Blog > Alfred Soord, The Crucifixion. Oxford House Chapel
Alfred Soord, The Crucifixion. Oxford House Chapel
The Chapel at Oxford House contains a valuable reredos displaying the Crucifixion by Alfred Soord (1868-1915). The painting is signed and dated 1914 on the bottom left corner.
Alfred Usher Soord was born in Sunderland and brought up in York. He studied at the York School of Art and at the Herkomer School of Painting at Bushey. He worked also as a magazine illustrator, and by the time he painted the Crucifixion he was an established artist. Some of his artworks – including landscapes and portraits – were exhibited at the Royal Academy of Arts during the late Nineteenth Century.
Saint Barnabas Church in Homerton also has another Crucifixion and The Good Shepherd, known also as The Lost Sheep, one of his most popular paintings. Both of them were originally located at Saint Andrew’s Church in Bethnal Green before its demolition.
The painting at Oxford House still remains in its original place. Christ’s body on the cross shows the typical features of the Christus patiens (suffering Christ) iconography: the bowed head and the closed eyes mean that Christ is dead. The lifeless body seems falling down because the weight is sustained only by the nails stuck on his hands and feet. The flowing blood can be seen also on the white cloth which covers the genitals, augmenting the perception of the suffering.
Soord makes the painting even more realistic where the brush stroke is viscous in comparison with the wooden cross; or where the white skin of Christ is contrasted with the dark sky on the background. Moreover the modernity of the painting can be noted on Christ’s hair: they are depicted by little brush strokes and spots of red-brown colour, which give a natural perception if seen from a certain distance. The strong chiaroscuro effects – light and shadow – on Christ’s face are an example which shows again how Soord worked with his brush.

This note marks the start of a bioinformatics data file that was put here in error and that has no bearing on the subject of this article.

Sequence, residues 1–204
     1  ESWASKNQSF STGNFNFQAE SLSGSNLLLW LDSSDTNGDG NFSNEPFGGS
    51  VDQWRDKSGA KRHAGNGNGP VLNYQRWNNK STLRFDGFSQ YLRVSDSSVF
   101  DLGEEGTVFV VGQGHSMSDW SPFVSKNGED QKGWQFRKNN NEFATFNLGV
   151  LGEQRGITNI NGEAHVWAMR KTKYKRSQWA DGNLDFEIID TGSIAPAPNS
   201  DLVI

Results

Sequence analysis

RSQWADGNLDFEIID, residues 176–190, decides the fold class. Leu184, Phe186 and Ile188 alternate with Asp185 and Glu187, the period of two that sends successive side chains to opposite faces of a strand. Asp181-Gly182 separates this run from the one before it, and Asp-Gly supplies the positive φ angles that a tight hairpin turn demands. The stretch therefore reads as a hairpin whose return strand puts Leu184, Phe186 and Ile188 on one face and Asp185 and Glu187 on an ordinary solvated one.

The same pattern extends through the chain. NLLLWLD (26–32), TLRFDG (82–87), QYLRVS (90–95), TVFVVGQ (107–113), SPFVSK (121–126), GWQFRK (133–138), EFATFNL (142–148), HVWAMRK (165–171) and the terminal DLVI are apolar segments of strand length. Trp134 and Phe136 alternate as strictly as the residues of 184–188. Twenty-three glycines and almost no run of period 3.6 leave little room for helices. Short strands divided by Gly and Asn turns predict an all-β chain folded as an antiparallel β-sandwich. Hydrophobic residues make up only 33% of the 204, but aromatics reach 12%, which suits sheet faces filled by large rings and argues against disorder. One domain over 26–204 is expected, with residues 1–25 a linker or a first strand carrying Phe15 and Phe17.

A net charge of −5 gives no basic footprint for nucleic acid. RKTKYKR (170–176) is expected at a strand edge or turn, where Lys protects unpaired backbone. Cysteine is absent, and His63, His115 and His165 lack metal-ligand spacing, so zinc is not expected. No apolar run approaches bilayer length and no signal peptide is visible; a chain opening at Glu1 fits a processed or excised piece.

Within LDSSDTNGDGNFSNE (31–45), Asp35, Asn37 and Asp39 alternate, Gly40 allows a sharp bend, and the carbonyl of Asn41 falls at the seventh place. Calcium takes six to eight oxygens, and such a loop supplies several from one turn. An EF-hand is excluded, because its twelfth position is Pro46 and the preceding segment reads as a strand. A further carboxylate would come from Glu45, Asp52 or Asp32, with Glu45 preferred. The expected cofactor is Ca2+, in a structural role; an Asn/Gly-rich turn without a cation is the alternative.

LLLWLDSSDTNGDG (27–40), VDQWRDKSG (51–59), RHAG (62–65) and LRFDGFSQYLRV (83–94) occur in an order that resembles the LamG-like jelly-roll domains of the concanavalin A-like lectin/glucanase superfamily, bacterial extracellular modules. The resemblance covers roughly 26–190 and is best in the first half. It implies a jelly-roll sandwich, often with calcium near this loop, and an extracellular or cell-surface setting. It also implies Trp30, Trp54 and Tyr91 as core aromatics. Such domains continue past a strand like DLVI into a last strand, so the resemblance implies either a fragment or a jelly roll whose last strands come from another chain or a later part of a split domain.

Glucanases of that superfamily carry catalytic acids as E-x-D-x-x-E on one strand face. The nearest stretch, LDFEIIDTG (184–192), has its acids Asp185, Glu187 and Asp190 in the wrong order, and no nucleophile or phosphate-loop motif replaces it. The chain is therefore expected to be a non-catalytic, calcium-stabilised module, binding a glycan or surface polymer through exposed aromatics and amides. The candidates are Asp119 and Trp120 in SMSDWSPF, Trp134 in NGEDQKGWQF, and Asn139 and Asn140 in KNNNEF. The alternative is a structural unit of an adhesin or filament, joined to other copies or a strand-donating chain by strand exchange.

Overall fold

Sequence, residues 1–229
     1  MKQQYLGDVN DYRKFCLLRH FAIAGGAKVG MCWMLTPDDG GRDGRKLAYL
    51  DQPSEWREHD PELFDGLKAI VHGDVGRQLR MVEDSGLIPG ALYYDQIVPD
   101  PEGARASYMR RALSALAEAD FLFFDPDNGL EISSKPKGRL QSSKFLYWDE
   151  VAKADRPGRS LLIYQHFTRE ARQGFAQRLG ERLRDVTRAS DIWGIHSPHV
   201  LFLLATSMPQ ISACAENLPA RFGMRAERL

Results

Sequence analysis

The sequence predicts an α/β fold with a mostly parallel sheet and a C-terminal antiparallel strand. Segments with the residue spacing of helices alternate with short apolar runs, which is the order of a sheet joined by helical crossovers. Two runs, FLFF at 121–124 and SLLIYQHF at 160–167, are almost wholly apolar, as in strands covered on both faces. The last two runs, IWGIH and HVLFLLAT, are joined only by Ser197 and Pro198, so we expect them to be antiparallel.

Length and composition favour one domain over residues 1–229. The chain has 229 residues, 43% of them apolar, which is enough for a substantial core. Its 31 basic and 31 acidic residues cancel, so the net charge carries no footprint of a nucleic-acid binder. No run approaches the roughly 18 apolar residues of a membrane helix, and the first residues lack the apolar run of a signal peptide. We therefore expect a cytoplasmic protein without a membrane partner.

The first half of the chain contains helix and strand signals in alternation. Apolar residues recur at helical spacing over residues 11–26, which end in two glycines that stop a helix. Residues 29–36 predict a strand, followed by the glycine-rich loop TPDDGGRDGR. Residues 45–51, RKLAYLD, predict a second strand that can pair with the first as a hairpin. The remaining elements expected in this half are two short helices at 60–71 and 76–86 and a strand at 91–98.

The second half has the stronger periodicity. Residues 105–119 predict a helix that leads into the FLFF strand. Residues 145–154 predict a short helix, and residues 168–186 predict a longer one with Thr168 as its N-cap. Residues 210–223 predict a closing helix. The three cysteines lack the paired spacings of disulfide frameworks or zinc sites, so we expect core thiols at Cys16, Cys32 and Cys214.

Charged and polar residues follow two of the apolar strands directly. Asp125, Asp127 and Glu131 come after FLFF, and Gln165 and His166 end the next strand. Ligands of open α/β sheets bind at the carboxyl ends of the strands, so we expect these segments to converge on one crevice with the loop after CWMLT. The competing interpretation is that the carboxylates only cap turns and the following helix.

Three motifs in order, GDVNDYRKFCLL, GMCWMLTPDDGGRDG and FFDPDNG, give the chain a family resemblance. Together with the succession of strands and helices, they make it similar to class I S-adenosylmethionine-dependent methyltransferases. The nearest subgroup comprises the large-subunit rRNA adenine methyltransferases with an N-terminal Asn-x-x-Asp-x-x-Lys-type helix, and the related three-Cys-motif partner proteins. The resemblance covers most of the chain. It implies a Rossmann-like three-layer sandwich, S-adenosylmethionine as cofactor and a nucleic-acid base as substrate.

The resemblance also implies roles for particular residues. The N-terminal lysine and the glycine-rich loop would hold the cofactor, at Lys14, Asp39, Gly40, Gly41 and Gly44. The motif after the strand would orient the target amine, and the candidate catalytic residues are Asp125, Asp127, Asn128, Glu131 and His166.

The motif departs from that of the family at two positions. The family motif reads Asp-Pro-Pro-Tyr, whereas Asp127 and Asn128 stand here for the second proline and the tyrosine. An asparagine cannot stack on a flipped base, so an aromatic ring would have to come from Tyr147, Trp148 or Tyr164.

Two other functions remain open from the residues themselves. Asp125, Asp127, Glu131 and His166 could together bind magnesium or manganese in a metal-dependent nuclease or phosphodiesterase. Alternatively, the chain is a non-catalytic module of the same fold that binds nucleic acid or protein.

Finally the Neo-Gothic reredos, as part of the chapel craftsmanship, has some noteworthy details, related to the Christian doctrine that underpinned Oxford House’s High Church and Oxford Movement heritage. With the panels open they reveal symbols from the Old Testament on the left panel, and New Testament on the right one. Four sacred animals from the Old Testament – “The Lamb without Blemish”, “The Scapegoat”, “Two Turtle Doves” and “The Brazen Serpent” – and the Four Evangelists of the New Testament symbolised by their animals – “Saint Mark Lion”, “Saint Matthew Man”, “Saint Luke Ox”, “Saint John Eagle” – are depicted by a bright gold ornamentation on a red background.
Text: Federico Malosti
Images: Christina Klus
Source: John A. Dalles, Alfred Soord, a brief biography